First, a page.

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Google is raising prices on YouTube TV, its premium television streaming service. Starting today, new customers on the base plan — which includes six accounts per household (each with a limitless cloud DVR) and three concurrent streams — will pay $50 per month (or $55 for members billed through Apple’s iTunes), up from the previous $40 per month (which was a hike from the launch price of $35). Existing subscribers will see the change after May 13.

With the price hike, YouTube TV becomes one of the streaming TV market’s more expensive offerings. Hulu with Live TV (which includes two simultaneous streams) starts at $45 per month, while DirecTV Now costs $50 (for two streams) and PlayStation Vue is $45 (for five streams). Dish Network’s Sling TV remains the least expensive at $25, but it’s also the most barebones — the base tier (Orange) only supports one simultaneous stream.

Google will no doubt argue that it offers more channels than most of its competitors, and it’s tough to argue otherwise. Compared with Hulu, DirectTV Now, PlayStation Vue, and Sling TV, which have between 29 and 70 networks, YouTube TV now has over 70. That’s thanks to the addition today of Epix (for an additional charge) and Discovery network brands, including Discovery Channel, HGTV, Food Network, TLC, Investigation Discovery, Animal Planet, Travel Channel, and MotorTrend, plus the Oprah Winfrey Network (which will join the lineup later this year).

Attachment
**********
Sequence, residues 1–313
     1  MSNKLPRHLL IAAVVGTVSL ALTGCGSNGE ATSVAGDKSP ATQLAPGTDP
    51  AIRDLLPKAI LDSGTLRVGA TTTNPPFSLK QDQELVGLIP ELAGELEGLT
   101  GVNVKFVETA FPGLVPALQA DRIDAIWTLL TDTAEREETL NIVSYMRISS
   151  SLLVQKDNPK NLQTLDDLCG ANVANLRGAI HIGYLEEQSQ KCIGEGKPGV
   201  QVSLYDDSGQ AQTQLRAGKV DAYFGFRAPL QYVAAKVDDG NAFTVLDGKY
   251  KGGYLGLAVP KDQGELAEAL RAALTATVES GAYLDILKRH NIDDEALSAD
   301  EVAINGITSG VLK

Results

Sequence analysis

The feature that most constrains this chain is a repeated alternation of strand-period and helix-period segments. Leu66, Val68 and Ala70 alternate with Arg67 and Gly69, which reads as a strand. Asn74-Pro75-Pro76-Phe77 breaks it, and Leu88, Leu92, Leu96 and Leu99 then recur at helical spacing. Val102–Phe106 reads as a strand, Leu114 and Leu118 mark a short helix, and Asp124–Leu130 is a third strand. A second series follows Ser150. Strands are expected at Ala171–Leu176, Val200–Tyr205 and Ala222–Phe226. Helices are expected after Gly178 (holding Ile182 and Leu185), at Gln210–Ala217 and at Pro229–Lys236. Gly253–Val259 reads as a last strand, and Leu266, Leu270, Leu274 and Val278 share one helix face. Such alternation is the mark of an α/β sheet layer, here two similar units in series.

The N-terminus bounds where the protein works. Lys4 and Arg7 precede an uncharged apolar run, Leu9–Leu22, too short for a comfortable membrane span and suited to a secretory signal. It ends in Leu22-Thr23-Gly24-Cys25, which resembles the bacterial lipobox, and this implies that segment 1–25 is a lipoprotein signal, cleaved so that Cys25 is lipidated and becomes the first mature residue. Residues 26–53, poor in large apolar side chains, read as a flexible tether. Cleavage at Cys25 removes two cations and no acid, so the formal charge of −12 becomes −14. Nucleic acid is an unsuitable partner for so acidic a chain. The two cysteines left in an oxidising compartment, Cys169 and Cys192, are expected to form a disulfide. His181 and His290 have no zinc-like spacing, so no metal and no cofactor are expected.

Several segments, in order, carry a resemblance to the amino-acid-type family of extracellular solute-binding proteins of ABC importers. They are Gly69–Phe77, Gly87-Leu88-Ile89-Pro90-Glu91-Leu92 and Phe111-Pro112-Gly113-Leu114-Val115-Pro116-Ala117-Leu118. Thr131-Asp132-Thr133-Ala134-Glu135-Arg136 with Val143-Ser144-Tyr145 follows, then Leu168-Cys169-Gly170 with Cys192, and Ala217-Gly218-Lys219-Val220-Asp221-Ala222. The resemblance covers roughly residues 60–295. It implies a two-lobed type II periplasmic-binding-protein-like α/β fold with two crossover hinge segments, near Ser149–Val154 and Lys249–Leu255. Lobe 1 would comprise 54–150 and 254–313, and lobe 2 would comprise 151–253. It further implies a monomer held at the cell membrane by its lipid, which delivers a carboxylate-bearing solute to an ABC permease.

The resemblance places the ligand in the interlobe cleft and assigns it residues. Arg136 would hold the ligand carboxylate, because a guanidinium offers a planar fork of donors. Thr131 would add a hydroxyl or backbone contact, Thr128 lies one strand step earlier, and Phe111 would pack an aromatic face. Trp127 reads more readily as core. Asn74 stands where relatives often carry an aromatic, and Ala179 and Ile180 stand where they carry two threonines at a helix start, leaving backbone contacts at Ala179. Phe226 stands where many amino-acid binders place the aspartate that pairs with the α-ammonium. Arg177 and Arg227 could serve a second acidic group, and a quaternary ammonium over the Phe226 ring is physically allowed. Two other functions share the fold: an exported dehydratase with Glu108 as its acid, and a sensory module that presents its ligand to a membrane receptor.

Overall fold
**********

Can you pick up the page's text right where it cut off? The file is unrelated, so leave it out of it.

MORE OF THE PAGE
In fact, YouTube says that it now provides local feeds from all of the four largest broadcasters in over 90 percent of the markets where YouTube TV is available, and three of four stations in all the rest.

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“Two years ago, we launched YouTube TV to bring the best of live TV, delivered the way you want,” said YouTube TV vice president of product management Christian Oestlien. “We expanded nationwide, added [more than 10] new channels, improved our DVR and launched new features to take your viewing experience to the next level … Since then, we’ve been working to build a package that fits your needs.”

YouTube TV debuted with 40 networks in early 2017. Back then, it was available through mobile apps in five markets, and later came to platforms like Android TV, Xbox, Apple TV, and Roku, expanding to 100 U.S. markets covering 85 percent of households. In January, it landed in an additional 95 markets, extending coverage to 98 percent of households.

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